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Author Topic: Good resources on post-Schism Oriental Orthodox monasticism?  (Read 1071 times) Average Rating: 0
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StAvvakum
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« on: June 23, 2012, 01:51:04 PM »

Hi,

Can anyone recommend good resources on monasticism in the Churches that rejected Chalcedon after the schism to the present day?

I would also be grateful if anyone could recommend good works on monasticism in the Assyrian Church of the East.

Thanks.
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Salpy
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« Reply #1 on: June 24, 2012, 07:36:28 PM »

The only thing I can think of is an Oriental Orthodox compilation of sayings of Desert Fathers:

http://www.amazon.com/The-Paradise-Holy-Fathers-Volume/dp/0980517141/ref=pd_sim_sbs_b_1

Something else you may find interesting is a documentary on a Coptic anchorite, Fr. Lazarus:

http://www.orthodoxchristianity.net/forum/index.php/topic,22450.0.html
« Last Edit: June 24, 2012, 07:37:46 PM by Salpy » Logged

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« Reply #2 on: June 25, 2012, 02:49:14 AM »

I don't know how useful these are but...

Contemporary Coptic Nuns
http://www.amazon.com/Contemporary-Coptic-Studies-Comparative-Religion/dp/1570030340

Monks and Monasteries of the Coptic Desert
http://www.amazon.com/Monks-Monasteries-Egyptian-Desert-Meinardus/dp/9774241886/ref=sr_1_6?s=books&ie=UTF8&qid=1340607009&sr=1-6&keywords=coptic+monasteries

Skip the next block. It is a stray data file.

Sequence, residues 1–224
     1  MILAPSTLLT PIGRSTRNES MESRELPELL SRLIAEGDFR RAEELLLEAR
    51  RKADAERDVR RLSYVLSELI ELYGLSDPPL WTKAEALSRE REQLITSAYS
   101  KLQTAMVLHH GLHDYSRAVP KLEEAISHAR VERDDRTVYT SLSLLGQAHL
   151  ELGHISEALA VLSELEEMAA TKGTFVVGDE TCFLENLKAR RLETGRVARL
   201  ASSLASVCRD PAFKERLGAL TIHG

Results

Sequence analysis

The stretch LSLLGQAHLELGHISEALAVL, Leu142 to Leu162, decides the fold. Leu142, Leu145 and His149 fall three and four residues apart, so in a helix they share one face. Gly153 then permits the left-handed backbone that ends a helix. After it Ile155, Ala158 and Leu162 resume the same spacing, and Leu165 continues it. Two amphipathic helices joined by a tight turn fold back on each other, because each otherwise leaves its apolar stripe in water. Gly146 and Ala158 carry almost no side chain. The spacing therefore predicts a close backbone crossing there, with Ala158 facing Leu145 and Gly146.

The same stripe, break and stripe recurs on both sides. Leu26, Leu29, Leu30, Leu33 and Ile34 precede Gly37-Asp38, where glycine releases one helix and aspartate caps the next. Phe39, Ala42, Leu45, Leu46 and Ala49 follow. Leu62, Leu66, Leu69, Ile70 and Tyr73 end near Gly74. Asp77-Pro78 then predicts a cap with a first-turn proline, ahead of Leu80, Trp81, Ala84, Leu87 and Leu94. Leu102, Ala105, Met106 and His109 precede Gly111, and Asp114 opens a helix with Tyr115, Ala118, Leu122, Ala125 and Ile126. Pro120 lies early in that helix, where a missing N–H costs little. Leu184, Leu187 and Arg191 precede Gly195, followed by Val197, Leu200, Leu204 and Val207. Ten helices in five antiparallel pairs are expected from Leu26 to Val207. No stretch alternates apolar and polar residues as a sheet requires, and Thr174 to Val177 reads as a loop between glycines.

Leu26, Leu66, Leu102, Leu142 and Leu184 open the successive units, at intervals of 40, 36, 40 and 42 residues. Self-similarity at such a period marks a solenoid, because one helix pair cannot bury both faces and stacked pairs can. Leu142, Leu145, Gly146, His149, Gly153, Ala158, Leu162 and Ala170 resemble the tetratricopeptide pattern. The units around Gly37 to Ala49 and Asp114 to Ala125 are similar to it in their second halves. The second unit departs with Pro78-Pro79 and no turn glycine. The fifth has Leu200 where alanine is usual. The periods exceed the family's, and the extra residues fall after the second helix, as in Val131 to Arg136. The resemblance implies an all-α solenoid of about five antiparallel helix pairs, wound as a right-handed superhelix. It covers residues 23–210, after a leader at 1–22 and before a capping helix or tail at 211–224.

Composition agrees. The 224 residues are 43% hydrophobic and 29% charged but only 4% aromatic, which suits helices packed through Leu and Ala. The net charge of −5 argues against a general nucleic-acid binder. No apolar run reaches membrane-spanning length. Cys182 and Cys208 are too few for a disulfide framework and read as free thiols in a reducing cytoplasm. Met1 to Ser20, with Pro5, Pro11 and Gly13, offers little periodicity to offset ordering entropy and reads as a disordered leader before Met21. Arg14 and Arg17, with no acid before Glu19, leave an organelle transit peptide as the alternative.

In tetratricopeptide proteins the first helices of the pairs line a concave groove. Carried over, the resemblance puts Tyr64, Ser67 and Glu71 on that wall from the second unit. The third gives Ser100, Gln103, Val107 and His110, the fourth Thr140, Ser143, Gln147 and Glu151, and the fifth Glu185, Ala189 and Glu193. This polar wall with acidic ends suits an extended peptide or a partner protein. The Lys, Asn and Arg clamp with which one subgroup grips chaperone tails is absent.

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Salpy
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« Reply #3 on: June 25, 2012, 11:23:50 AM »

It just occurred to me that the London School of Orthodox Christian Studies is giving a course on monasticism:

http://www.lsocs.co.uk/orthodox_monasticism.php
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StAvvakum
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« Reply #4 on: June 27, 2012, 04:15:07 PM »

Thanks for the suggestions!

I have read that the works of Evargius survived under his own name among the Oriental Orthodox, did Origenism exist within Non-Chalcedonian monasteries? If so are there surviving records of how it was dealt with?
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Salpy
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« Reply #5 on: June 27, 2012, 05:23:43 PM »

Origen was never a saint among the OO's, but he was never explicitly condemned like he was by the EO's.  I think what happened was that to the extent he wrote anything harmful, it was just ignored or thrown out, while anything good would have been retained in some form.  I don't know to what extent anything he wrote was explicitly kept in his name among the OO's. 

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« Reply #6 on: June 27, 2012, 08:01:52 PM »

^I actually think I remember St. Dioscorus writing a letter to St. Shenoute condemning a Monk who held Origenist ideas. Though, I do not believe Origen was explicitly anathematized. Modern OO theologians also do cite Origen's orthodox writings. A perfect example being Fr. Tadros Yacob Malaty of the Coptic Orthodox Church.
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StAvvakum
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« Reply #7 on: June 27, 2012, 08:20:47 PM »